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10/27/2006 11:54 AM ET
Giants hire two-time Manager-of-the-Year Bruce Bochy as manager
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SAN FRANCISCO -- In signing one of baseball's most qualified and experienced managers, the San Francisco Giants have hired two-time Manager-of-the-Year Bruce Bochy as its skipper, club Senior Vice President and General Manager Brian Sabean announced today. The Giants' 37th manager, 15th in San Francisco annals, agreed to a three-year contract.

Financial terms were not disclosed.

The winningest manager in San Diego history is coming off back-to-back National League West championships, the first club to claim consecutive division flags in the west since Arizona in 2001-02. In fact, Bochy led the Padres to winning records each of the last three seasons, marking the first time that's happened in Friar history.

"Bruce is someone who we have admired from across the field for the last 12 years and I'm excited that he's on our side now," said Sabean. "His Padres teams have been well prepared and played the game the right way. He's the right man to lead the Giants into the future."

In 12 years at the helm of the Padres, Bochy compiled a 951-975 career ledger while leading his club to the post season four times and five winning campaigns. In fact, the Giants' new head man is seventh among active big league managers in wins, and 57th on the all-time list. His four playoff appearances are tied for seventh among current Major League skippers, trailing only Bobby Cox (15), Tony La Russa (12), Joe Torre (11), Mike Hargrove (five), Jim Leyland (five) and Lou Piniella (five).

The 51-year-old manager was named the National League Manager of the Year by the BBWAA in 1996 and was honored as the league's top skipper by The Sporting News in both 1996 and 1998. Bochy guided the Padres to the National League West title in 1996, '98, 2005 and '06, while leading his 1998 charges to a club-record 98 victories, a National League pennant and a berth in the World Series against the Yankees.

"The Giants are the only team that could have gotten me to leave San Diego and I'm ecstatic to be here in San Francisco and be a part of the organization," said Bochy. "I have admired the Giants from afar for many years while I was with the Padres, and I can't tell you how exciting it will be to play in front of a full house at this beautiful ballpark."

With his hiring, Bochy leaves the Padres organization after a 24-year affiliation. The former catcher was the only Friar manager to have played for the club. He also served as San Diego's third base coach in 1993 and 1994, before matriculating to the manager's chair on Oct. 21, 1994. The Poway, CA resident was the only uniformed person to be a part of all five of the Padres post season appearances, including as a player in 1984 and as the manager in 1996, '98, 2005 and '06.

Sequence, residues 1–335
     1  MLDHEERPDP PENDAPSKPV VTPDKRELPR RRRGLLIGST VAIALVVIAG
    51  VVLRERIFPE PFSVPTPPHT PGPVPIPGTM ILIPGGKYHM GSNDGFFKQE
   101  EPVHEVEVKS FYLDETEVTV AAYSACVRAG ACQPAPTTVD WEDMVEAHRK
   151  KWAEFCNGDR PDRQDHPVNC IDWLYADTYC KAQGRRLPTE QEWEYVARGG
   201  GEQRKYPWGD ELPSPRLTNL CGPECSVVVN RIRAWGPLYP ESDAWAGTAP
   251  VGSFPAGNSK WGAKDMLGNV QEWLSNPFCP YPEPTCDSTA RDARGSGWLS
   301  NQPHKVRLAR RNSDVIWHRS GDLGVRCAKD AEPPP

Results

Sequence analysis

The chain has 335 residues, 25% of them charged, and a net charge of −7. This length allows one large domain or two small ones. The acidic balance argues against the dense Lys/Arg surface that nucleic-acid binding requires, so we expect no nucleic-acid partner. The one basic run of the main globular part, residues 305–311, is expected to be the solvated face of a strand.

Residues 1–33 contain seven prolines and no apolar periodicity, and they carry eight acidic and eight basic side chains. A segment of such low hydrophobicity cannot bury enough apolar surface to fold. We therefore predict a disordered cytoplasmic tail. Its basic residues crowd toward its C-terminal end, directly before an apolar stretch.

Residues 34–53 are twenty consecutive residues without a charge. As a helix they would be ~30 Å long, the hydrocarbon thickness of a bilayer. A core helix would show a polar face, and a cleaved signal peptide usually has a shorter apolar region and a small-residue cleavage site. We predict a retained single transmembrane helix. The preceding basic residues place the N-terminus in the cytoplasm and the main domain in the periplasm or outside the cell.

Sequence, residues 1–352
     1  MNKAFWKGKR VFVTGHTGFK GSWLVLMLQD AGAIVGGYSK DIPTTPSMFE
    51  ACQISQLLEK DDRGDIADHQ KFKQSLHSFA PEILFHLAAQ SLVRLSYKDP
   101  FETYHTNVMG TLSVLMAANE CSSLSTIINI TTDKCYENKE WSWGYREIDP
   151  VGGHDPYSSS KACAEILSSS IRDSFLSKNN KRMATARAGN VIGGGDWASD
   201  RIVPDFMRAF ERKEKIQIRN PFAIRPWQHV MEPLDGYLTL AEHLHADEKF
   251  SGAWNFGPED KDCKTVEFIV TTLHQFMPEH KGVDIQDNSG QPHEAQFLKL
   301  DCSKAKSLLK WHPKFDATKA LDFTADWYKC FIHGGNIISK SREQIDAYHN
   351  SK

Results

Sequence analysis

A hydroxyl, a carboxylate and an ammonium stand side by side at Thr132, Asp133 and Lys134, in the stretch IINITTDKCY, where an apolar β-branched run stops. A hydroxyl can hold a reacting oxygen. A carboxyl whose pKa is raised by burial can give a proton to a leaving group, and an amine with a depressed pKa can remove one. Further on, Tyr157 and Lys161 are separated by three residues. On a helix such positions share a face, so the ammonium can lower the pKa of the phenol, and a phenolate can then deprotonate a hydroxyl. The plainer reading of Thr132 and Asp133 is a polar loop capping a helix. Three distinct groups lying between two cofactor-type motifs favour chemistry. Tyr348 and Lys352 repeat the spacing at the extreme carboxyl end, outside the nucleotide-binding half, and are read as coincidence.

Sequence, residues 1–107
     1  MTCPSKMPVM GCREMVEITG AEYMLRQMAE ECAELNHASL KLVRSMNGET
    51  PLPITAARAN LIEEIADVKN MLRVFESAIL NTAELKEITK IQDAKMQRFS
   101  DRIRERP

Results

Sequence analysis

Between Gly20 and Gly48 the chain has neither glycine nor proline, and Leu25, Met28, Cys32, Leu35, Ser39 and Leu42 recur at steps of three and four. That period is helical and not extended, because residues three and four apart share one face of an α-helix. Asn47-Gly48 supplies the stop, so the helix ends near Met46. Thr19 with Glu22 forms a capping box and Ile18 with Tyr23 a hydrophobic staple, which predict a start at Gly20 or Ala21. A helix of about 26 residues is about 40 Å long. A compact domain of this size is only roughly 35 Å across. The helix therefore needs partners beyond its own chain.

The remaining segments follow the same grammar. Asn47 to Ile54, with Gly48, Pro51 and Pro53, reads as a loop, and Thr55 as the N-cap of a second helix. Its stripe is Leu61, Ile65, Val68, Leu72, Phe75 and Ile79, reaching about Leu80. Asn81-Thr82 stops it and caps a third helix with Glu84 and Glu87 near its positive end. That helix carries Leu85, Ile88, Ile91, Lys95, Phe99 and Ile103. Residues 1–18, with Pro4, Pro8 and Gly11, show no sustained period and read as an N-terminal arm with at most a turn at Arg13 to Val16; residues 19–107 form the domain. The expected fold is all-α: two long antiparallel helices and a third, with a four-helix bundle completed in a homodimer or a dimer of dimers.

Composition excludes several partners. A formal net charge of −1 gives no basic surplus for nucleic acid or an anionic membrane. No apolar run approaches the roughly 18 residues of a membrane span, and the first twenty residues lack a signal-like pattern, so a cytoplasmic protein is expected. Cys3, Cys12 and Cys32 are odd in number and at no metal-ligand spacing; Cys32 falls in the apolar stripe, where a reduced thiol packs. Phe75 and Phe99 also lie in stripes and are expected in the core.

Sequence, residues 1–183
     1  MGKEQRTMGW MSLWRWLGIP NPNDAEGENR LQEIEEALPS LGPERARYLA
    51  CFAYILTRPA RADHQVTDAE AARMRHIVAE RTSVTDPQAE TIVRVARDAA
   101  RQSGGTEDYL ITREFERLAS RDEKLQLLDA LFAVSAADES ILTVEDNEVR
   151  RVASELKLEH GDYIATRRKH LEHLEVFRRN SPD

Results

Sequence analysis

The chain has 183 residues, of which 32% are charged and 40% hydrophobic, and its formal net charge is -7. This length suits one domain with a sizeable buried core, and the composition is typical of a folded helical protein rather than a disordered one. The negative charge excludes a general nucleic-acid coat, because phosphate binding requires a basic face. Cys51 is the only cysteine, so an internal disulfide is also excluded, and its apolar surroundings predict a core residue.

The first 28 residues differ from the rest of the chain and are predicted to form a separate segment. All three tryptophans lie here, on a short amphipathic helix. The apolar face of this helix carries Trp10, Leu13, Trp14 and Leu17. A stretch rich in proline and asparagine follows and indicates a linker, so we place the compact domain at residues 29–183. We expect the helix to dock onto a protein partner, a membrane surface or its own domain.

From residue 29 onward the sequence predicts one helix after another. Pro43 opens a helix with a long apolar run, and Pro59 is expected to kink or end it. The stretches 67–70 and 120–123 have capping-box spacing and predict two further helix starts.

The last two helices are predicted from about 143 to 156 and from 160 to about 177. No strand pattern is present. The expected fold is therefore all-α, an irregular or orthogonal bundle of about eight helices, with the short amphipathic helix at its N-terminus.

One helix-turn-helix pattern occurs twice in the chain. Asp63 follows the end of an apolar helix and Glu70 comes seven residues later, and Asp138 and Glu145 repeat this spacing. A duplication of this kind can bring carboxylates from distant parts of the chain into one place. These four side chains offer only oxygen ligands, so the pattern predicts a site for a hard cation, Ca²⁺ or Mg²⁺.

The Landes de Boussac, France native becomes just the fourth Giants manager to be born outside of the United States, joining Jack Doyle (Ireland) in 1895, Arthur Irwin (Canada) in 1896 and Felipe Alou (Dominican Republic) in 2003. Bochy's father was an officer in the U.S. Army who was stationed in France at the time of the Giants manager's birth. In fact, there are only two foreign-born managers in Major League history who have more wins than Bochy, Alou (1,033) and Harry Wright (England - 1,000 wins).

Next season will mark Bochy's 13th consecutive year that he has managed a big league club, the fourth longest stint by an active manager. Only La Russa (29 years), Cox and Torre (both 18) have longer current streaks.

The Florida State University product spent parts of nine seasons in the majors as a catcher with the Astros, Mets and Padres. He hit .239 with 26 home runs and 93 RBI in 358 games. Bochy was a post season participant twice as a player, appearing with the 1980 Astros and 1984 Padres. He enjoyed his best season as a big leaguer in 1986 for San Diego, setting personal bests in home runs (eight), RBI (22), games (63) and starts behind the plate (29).

He becomes the sixth manager in Giants franchise annals who was primarily a catcher during their career, joining John Clapp (1883), Buck Ewing (1900), Herman Franks (1965-68), Charlie Fox (1970-74) and Wes Westrum (1974-75). In fact, Bochy is one of eight current Major League managers who were backstops in their big league careers. The other catchers-turned-managers include: Torre, Mike Scioscia, Eric Wedge, Bob Melvin, Ned Yost, Jerry Narron, John Gibbons and Clint Hurdle (22 games). Jim Leyland, Grady Little, Joe Maddon and Fredi Gonzalez all were minor league catchers prior to becoming coaches and eventually managers.

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